PRESERVATIVE EFFECT OF GINGER (ZINGIBER OFFICINALE) PASTE ON FRESH NILE TILAPIA, OREOCHROMIS NILOTICUS AT ROOM TEMPERATURE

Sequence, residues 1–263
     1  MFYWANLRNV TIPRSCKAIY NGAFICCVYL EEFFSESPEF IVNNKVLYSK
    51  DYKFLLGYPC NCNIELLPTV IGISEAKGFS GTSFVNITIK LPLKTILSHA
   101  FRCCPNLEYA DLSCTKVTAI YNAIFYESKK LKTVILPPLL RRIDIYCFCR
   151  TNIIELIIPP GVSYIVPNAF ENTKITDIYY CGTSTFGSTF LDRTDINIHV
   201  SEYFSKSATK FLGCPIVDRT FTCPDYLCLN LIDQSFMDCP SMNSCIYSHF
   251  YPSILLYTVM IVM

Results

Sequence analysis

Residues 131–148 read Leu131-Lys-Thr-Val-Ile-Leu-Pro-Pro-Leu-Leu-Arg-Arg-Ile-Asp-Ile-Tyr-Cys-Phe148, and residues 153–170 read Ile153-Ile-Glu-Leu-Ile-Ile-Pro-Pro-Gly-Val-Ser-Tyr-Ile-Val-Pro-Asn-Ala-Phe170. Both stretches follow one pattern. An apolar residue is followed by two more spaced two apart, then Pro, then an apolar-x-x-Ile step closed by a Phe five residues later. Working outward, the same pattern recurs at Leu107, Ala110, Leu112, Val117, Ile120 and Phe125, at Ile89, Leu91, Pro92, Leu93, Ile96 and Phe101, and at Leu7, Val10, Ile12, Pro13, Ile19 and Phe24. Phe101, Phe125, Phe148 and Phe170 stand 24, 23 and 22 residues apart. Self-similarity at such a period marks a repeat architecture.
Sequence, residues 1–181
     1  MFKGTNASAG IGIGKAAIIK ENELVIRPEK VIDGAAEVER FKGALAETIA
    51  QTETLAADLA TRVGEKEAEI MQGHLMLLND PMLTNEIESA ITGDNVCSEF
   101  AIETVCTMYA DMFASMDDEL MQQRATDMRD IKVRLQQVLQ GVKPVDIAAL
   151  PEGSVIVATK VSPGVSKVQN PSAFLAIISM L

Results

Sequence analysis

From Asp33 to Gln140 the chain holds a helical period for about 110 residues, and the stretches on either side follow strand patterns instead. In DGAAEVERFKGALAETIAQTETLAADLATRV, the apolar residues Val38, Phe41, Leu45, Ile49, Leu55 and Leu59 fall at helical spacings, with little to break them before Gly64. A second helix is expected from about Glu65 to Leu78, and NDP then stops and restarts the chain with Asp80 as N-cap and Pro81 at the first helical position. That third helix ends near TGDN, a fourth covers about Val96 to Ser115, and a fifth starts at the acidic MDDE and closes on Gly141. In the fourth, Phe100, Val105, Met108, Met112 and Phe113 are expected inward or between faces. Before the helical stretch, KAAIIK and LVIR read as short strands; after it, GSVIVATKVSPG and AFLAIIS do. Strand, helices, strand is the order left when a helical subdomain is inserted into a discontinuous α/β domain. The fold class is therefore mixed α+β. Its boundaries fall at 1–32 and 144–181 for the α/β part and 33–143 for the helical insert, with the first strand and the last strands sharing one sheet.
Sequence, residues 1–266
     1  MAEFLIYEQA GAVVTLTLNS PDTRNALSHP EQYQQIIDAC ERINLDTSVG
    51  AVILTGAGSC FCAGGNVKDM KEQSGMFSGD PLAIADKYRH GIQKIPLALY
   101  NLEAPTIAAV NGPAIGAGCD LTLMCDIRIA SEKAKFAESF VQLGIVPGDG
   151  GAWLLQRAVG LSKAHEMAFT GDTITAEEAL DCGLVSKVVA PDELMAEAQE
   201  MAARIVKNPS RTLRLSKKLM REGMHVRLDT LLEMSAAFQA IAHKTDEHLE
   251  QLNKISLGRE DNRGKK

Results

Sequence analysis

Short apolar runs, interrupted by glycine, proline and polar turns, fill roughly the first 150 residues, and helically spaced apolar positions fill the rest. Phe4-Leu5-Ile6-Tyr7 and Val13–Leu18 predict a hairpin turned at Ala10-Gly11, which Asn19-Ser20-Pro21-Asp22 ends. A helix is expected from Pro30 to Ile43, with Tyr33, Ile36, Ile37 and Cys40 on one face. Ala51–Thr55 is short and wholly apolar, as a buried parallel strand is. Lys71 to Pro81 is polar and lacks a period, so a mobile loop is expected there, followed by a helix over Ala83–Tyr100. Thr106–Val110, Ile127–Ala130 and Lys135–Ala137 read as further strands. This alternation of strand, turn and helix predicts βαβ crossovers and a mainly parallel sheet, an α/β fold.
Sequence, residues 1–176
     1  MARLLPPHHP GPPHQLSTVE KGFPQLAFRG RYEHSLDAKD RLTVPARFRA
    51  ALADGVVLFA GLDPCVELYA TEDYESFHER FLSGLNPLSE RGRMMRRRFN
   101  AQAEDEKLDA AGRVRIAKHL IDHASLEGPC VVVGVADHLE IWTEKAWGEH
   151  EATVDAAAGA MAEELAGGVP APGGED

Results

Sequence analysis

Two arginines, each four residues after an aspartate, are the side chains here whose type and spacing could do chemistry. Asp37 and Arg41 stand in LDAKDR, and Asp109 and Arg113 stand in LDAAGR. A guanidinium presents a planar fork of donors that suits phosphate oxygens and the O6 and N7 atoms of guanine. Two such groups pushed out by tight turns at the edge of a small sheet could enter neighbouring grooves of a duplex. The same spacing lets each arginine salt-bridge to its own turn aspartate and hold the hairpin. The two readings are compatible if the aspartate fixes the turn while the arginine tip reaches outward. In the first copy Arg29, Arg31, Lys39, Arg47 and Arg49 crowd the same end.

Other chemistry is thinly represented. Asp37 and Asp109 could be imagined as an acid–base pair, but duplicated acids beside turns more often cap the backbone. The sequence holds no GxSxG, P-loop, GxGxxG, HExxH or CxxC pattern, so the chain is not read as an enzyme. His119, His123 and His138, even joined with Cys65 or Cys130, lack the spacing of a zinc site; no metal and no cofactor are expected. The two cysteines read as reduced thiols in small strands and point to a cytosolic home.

AbstractFish begin to degrade the moment they are removed from the water. It requires extensive post-harvest processing to extend its shelf life and maintain its quality. Freezing, smoking, canning, sun-drying, pickling, and salting are the most common methods of preserving fish. The ability of fresh Oreochromis niloticus (Nile tilapia), a popular fish food in Ghana, to be preserved by ginger (Zingiber officinale) paste was investigated. Fresh fish samples were collected from the Bontanga reservoir's landing site and were divided into two; the ginger paste group and untreated group (control) kept at room temperature in a laboratory environment. During storage, fish samples from both the ginger-treated and control groups were subjected to daily physical inspection, proximate analysis, and microbiological quality testing. After the ginger treatment, the fish had a three-day longer shelf life. The fresh fish that had not been treated (the control) had spoiled by the end of the second day, showing signs of severe physical deterioration and maggot infestation in the flesh. Microbial research also revealed that all treated samples had a lower mean microbial population than untreated samples. In contrast to 10.50 x 105 cfu/cm2 for the treated sample, the total Escherichia coli (EC) count for the untreated sample was 70.25 x 105 cfu/cm2. This demonstrates that the ginger paste gradually slowed microorganism growth in the treated samples. The study found that ginger has bactericidal and anti-spoilage properties against conditions and microbes that cause fish to spoil. Future research could alter the concentration, lengthen the study period, and include different fish species. Keywords: Tilapia, Ginger, Microbes, Preservation
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